4. vagansmom, have you read Carol Shield's Unless speaking of "loss"? I'm reading it now - though I'm not smitten by it, so far. balletmom2, I've never read any of those Mitford books, but they do seem as though they'd be charming and make me want to put on my cardigan and have a nice pot of tea! Not a bad thing, I might add.
  5. I'll be glad to give you my take on it after tomorrow night. Looking forward to the evening.
  6. rplaut, glad to hear someone in the know had as good a reaction to this piece as I did. B)
  7. In case you missed this piece by NPR’s Sarah Fishko during her program on 2/12 The Fishko Files you can catch it now: Ballet Movies Although she is talking about ballet movies in general and The Company specifically, it is really more of a brief – but seemingly accurate glimpse into the ballet dancer’s life – there are brief comments by Wendy Whelan Victor Barbee, James Fayette and Jennifer Ringer - as well as excerpts from several movies past and present.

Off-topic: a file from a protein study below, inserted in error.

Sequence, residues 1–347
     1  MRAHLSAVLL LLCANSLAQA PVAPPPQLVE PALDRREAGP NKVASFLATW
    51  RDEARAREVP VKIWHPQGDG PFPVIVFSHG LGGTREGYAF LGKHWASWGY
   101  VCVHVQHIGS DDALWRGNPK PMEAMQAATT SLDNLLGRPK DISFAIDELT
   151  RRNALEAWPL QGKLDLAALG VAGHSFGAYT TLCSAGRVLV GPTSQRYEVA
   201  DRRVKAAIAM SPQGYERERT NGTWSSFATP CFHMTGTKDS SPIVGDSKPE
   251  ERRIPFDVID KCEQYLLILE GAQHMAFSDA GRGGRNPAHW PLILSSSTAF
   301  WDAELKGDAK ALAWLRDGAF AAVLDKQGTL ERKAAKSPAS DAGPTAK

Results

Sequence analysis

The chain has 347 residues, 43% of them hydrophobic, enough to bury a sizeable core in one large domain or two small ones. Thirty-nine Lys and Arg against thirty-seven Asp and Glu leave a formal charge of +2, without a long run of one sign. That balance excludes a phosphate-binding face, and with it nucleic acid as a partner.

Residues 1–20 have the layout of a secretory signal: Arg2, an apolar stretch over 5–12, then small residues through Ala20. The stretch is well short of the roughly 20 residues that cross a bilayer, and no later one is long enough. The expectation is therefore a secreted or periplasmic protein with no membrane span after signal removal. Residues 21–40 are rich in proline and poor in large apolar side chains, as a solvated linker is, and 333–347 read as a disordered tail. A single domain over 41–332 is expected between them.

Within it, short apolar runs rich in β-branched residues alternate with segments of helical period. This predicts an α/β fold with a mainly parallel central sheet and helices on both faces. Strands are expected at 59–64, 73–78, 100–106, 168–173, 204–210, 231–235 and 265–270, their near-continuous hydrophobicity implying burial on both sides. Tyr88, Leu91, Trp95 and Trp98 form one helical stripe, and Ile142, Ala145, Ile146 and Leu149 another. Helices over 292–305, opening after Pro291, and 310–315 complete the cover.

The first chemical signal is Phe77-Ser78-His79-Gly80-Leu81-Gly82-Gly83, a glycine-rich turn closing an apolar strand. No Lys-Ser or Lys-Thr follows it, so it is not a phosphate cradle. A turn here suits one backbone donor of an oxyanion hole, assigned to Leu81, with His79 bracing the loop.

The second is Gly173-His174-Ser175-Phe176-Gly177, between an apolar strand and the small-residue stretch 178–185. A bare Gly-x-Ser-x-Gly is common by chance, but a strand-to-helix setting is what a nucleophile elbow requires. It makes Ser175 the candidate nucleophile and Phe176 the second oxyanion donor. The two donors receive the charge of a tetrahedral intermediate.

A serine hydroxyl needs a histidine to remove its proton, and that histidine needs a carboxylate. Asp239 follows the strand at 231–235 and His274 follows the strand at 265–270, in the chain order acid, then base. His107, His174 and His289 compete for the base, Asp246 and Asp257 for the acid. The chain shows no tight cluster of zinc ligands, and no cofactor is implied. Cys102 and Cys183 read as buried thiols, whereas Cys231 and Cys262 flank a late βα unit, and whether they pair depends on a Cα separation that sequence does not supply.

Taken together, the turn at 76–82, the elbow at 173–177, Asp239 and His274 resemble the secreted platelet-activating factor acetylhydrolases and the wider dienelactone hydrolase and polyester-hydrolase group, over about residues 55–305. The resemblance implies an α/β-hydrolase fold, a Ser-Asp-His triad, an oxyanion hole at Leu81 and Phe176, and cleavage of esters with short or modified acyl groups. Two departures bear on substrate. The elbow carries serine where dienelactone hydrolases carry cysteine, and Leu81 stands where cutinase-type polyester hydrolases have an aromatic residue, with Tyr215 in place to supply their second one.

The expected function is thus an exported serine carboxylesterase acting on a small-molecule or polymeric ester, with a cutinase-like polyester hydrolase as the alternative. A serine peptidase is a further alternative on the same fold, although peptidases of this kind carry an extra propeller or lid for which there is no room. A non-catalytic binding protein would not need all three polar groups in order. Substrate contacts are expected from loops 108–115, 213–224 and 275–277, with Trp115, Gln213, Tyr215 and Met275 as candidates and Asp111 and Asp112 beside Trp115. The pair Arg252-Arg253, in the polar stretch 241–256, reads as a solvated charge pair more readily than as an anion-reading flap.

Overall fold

8. Well, I'm not a regular up there however I've attended performances in the last two years at Symphony Space and gotten spots on side streets right nearby with narry a hint of a problem - airbags and even Xenons now! I suppose if you park on the street you take your chances - but I always do my best to find a spot before parting with $20 or so for a lot. Must be my Scottish ancestry. :grinning:
  9. Try parking on Riverside Drive - it's free if you can find a spot.
  10. When Alexandra posted She made an important point - a Young Person with disposable income!If you fall into that category, or would like to , make sure you let them know. Have any of you noticed any activity related to this issue at the New York State Theater? One would think it would be the ideal place to get some NYCB grass roots growing.